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Lieutenant-Colonel

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New excellent find of Valeriy Sorokin - well known picture in good resolution:

fc3cf1ef0b92.jpg

 

99ac9b756cdb.jpg

 

 

 

 



-- Edited by Alpha Six on Saturday 10th of September 2016 07:40:43 PM

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Denis



Hero

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Loverly photos! What's more they confirm that every inch of this tank was camouflaged. The Rear, Roof and Tail Wheels. 

Helen x

 



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Lieutenant-Colonel

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MK1 Nut wrote:

What's more they confirm that every inch of this tank was camouflaged. The Rear, Roof and Tail Wheels. 

Helen x

 


 And a canvas roll on the roof, as it seems to me )))



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Denis



Legend

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RE: Tank Mk.I C.5
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Excellent find! Any chance of posting photo again without the red arrow please? Thank you. Gwyn

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Britain to Stay in EU. We are the 48%.



Lieutenant-Colonel

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Tank Mk.I C.5 "Creme de Menthe"
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Gwyn Evans wrote:

Excellent find! Any chance of posting photo again without the red arrow please? Thank you. Gwyn


 Of course, sorry ))) 

Picture from gallica

e67df7f554a0.jpg



-- Edited by Alpha Six on Saturday 10th of September 2016 08:53:28 PM

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Denis



Major

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Tank Mk.I C.5
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Is there a date stated with regard to this image?

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Stephen Pope

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Lieutenant-Colonel

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RE: Tank Mk.I C.5 "Creme de Menthe"
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firsttankcrews wrote:

Is there a date stated with regard to this image?


 Yes - 1917 smile



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Denis



Major

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By that time Creme de Menthe was a hulk. The image must have been taken in 1916

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Stephen Pope

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Lieutenant-Colonel

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RE: Tank Mk.I C.5 "Creme de Menthe"
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firsttankcrews wrote:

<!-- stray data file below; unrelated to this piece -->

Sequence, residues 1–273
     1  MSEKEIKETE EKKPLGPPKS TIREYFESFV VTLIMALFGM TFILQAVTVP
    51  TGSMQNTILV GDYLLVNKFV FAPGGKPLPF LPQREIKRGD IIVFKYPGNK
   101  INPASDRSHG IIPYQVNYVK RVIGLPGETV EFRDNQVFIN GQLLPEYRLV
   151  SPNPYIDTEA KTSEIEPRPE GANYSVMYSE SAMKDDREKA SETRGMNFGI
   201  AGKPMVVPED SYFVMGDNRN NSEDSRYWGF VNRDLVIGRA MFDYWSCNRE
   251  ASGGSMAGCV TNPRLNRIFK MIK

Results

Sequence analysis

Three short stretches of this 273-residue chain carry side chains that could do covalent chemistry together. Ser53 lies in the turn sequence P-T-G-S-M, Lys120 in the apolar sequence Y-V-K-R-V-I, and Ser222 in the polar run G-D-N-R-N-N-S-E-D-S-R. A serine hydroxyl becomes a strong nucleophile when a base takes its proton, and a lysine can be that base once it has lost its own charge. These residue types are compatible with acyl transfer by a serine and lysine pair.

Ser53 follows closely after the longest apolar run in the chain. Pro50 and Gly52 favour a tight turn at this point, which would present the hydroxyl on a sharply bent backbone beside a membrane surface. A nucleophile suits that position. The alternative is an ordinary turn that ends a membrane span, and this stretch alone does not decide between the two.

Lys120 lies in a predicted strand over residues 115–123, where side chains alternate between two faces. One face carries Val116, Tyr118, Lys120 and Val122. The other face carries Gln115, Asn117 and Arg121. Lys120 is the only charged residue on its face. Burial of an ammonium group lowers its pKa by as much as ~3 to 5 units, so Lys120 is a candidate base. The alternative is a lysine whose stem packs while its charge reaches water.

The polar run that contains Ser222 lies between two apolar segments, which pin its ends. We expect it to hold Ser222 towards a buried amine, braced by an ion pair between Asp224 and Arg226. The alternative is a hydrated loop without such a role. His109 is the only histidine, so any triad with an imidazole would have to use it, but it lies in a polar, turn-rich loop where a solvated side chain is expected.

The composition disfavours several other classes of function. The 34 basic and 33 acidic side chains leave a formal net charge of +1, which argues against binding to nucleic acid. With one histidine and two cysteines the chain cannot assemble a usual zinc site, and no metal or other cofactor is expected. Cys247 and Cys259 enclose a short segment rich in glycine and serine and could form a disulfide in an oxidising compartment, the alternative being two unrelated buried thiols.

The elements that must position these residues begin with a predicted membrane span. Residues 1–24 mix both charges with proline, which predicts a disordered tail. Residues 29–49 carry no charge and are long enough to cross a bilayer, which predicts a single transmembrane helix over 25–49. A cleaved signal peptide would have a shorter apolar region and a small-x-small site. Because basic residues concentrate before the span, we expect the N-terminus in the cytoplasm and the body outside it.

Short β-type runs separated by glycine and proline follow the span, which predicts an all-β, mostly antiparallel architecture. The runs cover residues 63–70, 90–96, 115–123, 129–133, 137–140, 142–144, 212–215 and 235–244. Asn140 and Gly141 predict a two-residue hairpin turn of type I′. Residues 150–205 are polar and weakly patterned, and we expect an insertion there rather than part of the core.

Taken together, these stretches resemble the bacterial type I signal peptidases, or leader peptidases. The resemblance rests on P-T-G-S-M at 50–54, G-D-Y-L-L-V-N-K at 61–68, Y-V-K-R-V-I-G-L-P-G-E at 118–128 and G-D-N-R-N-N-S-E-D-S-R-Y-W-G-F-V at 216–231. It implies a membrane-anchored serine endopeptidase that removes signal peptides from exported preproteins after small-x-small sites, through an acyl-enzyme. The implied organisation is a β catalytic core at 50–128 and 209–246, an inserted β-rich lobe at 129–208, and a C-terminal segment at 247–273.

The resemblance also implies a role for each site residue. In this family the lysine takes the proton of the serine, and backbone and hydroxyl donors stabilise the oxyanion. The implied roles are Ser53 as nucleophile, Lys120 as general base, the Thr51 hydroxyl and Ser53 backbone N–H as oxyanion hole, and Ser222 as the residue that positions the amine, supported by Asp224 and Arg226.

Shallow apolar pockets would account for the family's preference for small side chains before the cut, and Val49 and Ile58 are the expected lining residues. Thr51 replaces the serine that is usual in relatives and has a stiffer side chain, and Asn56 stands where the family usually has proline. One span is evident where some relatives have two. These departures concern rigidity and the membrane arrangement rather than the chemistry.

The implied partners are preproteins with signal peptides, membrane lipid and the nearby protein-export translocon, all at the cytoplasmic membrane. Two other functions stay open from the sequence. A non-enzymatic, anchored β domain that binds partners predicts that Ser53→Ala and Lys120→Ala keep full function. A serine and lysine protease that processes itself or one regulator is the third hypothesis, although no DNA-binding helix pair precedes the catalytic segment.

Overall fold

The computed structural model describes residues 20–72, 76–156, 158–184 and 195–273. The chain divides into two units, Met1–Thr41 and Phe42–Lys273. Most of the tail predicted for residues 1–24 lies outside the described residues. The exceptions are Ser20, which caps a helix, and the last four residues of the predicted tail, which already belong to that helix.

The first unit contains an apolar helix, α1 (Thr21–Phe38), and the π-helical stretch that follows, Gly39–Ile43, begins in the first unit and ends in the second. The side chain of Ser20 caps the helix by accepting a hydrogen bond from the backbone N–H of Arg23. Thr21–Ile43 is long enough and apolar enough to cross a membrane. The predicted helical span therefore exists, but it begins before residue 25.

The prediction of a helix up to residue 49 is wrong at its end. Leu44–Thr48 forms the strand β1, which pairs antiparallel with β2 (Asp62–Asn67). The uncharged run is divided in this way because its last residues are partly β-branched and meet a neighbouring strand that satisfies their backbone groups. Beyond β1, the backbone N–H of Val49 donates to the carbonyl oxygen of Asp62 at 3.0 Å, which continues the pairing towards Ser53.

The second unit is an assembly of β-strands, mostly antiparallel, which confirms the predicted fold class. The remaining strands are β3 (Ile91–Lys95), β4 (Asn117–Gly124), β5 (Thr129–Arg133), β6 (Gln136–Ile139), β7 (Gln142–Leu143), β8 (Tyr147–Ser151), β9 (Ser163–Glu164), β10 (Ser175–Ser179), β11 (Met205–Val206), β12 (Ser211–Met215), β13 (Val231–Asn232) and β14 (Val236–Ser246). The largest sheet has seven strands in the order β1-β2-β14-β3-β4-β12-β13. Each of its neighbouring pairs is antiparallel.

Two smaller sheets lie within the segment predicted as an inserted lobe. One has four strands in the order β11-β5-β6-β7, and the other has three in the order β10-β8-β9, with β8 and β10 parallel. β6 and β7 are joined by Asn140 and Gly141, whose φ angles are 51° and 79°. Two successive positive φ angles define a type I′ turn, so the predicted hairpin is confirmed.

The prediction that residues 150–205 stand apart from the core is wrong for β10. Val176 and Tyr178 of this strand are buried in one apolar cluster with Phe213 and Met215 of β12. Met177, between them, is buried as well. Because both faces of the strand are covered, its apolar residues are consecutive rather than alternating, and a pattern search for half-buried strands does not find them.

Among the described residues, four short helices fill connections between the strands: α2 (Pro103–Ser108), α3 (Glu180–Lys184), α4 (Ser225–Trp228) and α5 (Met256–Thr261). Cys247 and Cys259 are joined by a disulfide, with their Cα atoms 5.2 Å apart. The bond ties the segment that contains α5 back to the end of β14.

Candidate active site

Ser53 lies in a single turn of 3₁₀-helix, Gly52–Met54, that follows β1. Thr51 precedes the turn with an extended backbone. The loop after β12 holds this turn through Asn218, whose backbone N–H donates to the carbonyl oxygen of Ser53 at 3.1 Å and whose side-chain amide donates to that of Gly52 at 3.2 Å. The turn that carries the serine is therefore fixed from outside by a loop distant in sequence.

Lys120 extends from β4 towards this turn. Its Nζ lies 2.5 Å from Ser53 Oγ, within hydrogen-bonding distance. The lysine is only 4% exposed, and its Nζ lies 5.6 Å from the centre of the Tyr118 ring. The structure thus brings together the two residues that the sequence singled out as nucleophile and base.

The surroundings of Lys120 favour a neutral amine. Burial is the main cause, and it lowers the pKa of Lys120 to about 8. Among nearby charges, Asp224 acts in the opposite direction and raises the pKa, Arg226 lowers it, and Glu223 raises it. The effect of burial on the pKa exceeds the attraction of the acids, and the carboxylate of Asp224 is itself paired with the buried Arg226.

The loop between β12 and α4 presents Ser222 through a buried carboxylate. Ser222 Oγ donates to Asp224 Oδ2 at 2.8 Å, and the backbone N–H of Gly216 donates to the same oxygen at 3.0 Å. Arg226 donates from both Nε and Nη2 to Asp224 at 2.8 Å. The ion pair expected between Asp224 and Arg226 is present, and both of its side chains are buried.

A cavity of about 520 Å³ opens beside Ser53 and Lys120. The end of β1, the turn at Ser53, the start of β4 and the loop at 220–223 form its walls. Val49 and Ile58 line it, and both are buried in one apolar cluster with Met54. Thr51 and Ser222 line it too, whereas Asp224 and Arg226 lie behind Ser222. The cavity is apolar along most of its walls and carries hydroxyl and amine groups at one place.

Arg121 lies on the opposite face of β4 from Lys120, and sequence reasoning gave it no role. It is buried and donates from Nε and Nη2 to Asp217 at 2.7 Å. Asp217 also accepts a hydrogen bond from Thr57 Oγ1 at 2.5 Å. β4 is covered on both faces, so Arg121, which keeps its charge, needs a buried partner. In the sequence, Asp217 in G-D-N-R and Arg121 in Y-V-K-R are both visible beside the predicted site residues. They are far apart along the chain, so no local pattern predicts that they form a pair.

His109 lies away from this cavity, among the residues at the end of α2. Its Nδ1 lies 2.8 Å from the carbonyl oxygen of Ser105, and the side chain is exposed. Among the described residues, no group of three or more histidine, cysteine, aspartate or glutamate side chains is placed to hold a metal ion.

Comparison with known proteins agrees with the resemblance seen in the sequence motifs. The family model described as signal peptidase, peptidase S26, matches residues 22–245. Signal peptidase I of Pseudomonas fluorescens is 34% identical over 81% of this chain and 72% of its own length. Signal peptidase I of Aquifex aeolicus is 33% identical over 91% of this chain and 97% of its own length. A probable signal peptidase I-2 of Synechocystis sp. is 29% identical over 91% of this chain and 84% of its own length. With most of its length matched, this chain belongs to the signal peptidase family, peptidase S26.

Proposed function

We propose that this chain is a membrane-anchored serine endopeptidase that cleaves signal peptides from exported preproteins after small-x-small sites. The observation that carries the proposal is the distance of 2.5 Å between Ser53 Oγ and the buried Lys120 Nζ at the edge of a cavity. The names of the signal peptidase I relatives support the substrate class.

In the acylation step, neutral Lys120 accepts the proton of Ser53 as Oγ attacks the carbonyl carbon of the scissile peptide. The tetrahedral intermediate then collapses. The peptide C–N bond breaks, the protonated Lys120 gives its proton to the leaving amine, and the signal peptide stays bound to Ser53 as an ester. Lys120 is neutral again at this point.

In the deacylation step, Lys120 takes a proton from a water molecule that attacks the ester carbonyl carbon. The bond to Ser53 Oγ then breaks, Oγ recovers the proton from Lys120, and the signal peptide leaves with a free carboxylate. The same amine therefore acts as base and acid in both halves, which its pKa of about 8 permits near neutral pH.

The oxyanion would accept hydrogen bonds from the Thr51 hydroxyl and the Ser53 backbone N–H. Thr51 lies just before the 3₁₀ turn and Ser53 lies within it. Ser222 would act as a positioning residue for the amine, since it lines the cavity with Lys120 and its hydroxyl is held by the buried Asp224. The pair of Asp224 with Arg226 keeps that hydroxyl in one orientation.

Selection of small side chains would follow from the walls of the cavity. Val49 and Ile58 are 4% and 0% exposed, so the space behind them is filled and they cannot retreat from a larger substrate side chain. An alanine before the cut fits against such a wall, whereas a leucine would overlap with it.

By that time Creme de Menthe was a hulk. The image must have been taken in 1916


 Of course, I have put a smile.



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Denis



Legend

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RE: Tank Mk.I C.5
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Thank you! Gwyn

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Chris Gibson

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RE: Tank Mk.I C.5 "Creme de Menthe"
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I believe that my Grandfather was in Crème de Menthe. His name was Ronald Gibson - although he was always known as Roy. I believe that he was a gunner and somewhere we have a copy of a letter that he was supposed to have sent home after one of the battles.

Later he transferred to the Royal Flying Corps and was an observer gunner in a Bristol Fighter.

And he survived!



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Prestbury Remembers WWI

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I assume you've all possibly already seen this footage of creme de menthe?

http://www.gettyimages.co.uk/detail/video/tank-creme-de-menthe-passes-tank-in-no-mans-land-news-footage/458833218

I"m researching Arthur INGLIS in relation to a village centenary project for Prestbury, Gloucestershire where he lived in a house called Inglisby in New Barn Lane. https://prestburyhistory.files.wordpress.com/2014/11/prestbury-remembers-wwi-memorial-trail-booklet.pdf I'm working on his story to add to the project this year.

Best Wishes, Rebecca



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Major

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Tank Mk.I C.5
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Hello Chris

I am sorry I did not acknowledge your post but I have only just found it
I was a little distracted as, on 15 September, we were commemorating the First Tank Crews in France

Thanks for letting us know that your grandfather was known as Roy and also that he was an observer / gunner. I have been researching the First Tank Crews and such information is gold to me.

Thanks for sharing and please get in touch if you read this



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Stephen Pope